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September 2009


How to Become a Bounty Hunter

Archive for September, 2009

Va. Woman in Prison: Disturbing Story About Computer Hacking Co.


A woman who hacked into her married boyfriend’s emails is now serving 15 months in prison. But the service she used was still up and running — that is until this was published. Still, this is a disturbing story.

By Tom Jackman
Washington Post Staff Writer

When Elaine Cioni found out that her married boyfriend had other girlfriends, she became obsessed, federal prosecutors say. So she turned to

And for only $100, provided Cioni, then living in Northern Virginia, with the password to her boyfriend’s AOL e-mail account, court records show.

For another $100, she got her boyfriend’s wife’s e-mail password. And then the passwords of at least one other girlfriend and the boyfriend’s two children. None had any clue what Cioni was doing, they would later testify.

Cioni, however, went further and began making harassing phone calls to her boyfriend and his family, using a “spoofing” service to disguise her voice as a man’s.

For Full Story

Read Indictment


A Preview of the HBO Documentary on D.C.’s Marion Barry; the FBI Sting, His Ups and Downs


Happy Labor Day From


Appeals Court Says Ashcroft Can Be Sued By Man Claiming He Was Illegally Detained and Questioned by FBI

The question is what kind of legal precedent does this set?

John Ashcroft/doj photo

John Ashcroft/doj photo

Former U.S. Attorney General John Ashcroft is not immune from being sued by a man who says he was illegally detained under Justice Department policies implemented after the September 11 terror attacks, a federal appeals court ruled Friday.

A spokesman for former Attorney General John Ashcroft says his team is reviewing the decision.

The man, a native-born U.S. citizen who was once a college football star, was held and interrogated by the FBI for 16 days in 2003 and his travel was limited for another year, court documents said.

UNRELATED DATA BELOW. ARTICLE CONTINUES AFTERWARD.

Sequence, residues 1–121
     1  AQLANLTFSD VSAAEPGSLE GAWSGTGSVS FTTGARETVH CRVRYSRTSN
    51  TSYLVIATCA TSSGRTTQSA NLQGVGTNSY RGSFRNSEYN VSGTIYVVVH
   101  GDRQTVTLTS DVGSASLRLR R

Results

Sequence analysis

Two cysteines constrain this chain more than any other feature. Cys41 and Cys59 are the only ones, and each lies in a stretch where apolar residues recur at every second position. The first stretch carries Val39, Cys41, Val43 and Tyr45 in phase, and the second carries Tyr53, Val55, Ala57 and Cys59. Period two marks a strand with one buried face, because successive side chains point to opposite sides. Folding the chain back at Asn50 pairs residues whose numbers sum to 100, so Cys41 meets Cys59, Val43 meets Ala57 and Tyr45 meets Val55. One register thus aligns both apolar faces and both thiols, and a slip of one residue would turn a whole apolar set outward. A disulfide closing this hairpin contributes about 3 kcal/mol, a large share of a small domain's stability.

A spokesman for Ashcroft, asked for his reaction, said, “We’re reviewing the decision and have no further comment.”

For Full Story

Ex-ICE Agent Charged With Cocaine Trafficking and Aiding Mexican Cartels

This case is just another example of the danger the Mexican drug cartels pose to the U.S. Not only have the cartels penetrated the government of Mexico, but they’ve managed to infiltrate U.S. law enforcement. Money corrupts. And there’s plenty to go around.


By Robert Anglen and Daniel González
The Arizona Republic

The former agent in charge of the Nogales office of U.S. Immigration and Customs Enforcement has been arrested on charges of cocaine trafficking and public corruption for aiding Mexican drug cartels.

Ricard Cramer, who was stationed in Mexico before retiring in 2007, was arrested Friday at his home in Green Valley. He appeared before a federal judge, who denied bail.

For Full Story

Weekend Series on History: 1971 Interview With Mobster Meyer Lansky in Israel


Fired N.M Prosecutor David Iglesias Suggests 6-year U.S. Atty Terms

This may be a good idea to have U.S. Attorneys serve six year terms, but this still wouldn’t have stopped the Bush administration from firing nine U.S. Attorneys. Iglesias also suggests that U.S. Attorneys be removed only for misconduct. That would make it tough to remove those who are actually incompetent. Perhaps the solution would be for an impartial panel to decide on firings.

David Iglesias

David Iglesias

By The Associated Press
ALBUQUERQUE, N.M.- David Iglesias says U.S. attorneys should be appointed for 6-year terms that overlap administrations to minimize the influence of politics on what should be an independent federal office.

The former U.S. attorney for New Mexico was 1 of 9 federal prosecutors fired in a series of politically tinged dismissals in 2006. Iglesias spoke Friday at the Hispanic National Bar Association’s annual conference in Albuquerque.

Iglesias said in an interview that U.S. attorneys should only be removed for misconduct to ensure that politics stay out of federal prosecutions.

For Full Story

NY Appeals Court Allows Evidence in Questionable Wiretap

Did the Appeals Court in N.Y. rule properly by allowing evidence from a questionable wiretap? It’s certainly questionable.  The lower court said investigators did not do enough to prove a wiretap was warranted.

istock photo

istock photo

By David Kravets

Despite refusing to “endorse” the government’s tactics in securing a warrant for a wiretap, a federal appeals court is ruling that authorities could use the fruits of their questionable eavesdropping in prosecuting an alleged drug dealer.

The 2nd U.S. Circuit Court of Appeals overturned a lower-court judge who last year suppressed the 50 grams of crack cocaine that was evidence in the case against a man originally suspected of plotting terrorism against the United States.

The lower court said a magistrate judge erroneously issued the warrant, breaching the Omnibus Crime Control and Safe Streets Act of 1968, which was designed to strike a balance between law enforcement and “the privacy rights of the individual.”

For Full Story

Read Court Ruling